Should Google and Facebook Be Paying You?

There are a variety of ways in which information is shared online, and the specifics of each plays a major role in how consumers feel about the companies with which they share. In a recent post on LinkedIn, contributor David Sable explores three structures and poses the question of whether Google (NASDAQ: GOOGL  ) should be sharing the revenue it generates by collecting our data. The same could be asked of Facebook (NASDAQ: FB  ) , begging the question of whether the very nature of online sharing must change.

In the video below, Fool.com contributor Doug Ehrman discusses Sable's three sharing paradigms and looks at what really goes on between Google, Facebook, and the users who rely on each.

It's more important than ever to understand each piece of Google's sprawling empire. In The Motley Fool's new premium research report on Google, we break down the risks and potential rewards for Google investors. Simply click here now to unlock your copy of this invaluable resource.


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  • Report this Comment On June 06, 2013, at 3:44 AM, AYREWOLF wrote:

    Gathering consumer data would not be bad if both facebook and Google flashed the kinds of products each user wants to see on their pages. Certainly a guy does not want to see a Teddy Bear or a bra ad on our Facebook newsfeed page, while a lady might not want to see an ad for truck parts on hers. A more targeted route with user surveys that are really read by both Google and Facebook screeners would go much to the satisfaction of both consumer users as well as both Facebook and Google.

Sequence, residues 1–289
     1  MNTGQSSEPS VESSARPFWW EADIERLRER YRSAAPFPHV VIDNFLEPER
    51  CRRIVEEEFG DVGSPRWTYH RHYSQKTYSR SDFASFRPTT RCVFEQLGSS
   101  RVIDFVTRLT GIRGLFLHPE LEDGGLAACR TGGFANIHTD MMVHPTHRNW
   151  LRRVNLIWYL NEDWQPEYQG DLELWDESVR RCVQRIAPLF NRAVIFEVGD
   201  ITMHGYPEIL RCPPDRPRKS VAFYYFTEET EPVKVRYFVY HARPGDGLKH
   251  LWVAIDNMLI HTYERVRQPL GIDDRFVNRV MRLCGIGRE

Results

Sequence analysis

• Report this Comment On June 07, 2013, at 9:10 AM, wjcoffman wrote:

    We were recently contacted by Nielsen to participate in a survey of our radio listening habits. First contact was by mail and we got a couple of crisp dollar bills. Then by phone to ensure we were going to do the survey, then another mailing with the survey and a couple more dollars, more phone contact, and I think another couple bucks when it was over. While certainly not compensation for the time we spent, they were paying us. Actually, the money was more of an incentive to follow through than payment for our time.

    Good points though.

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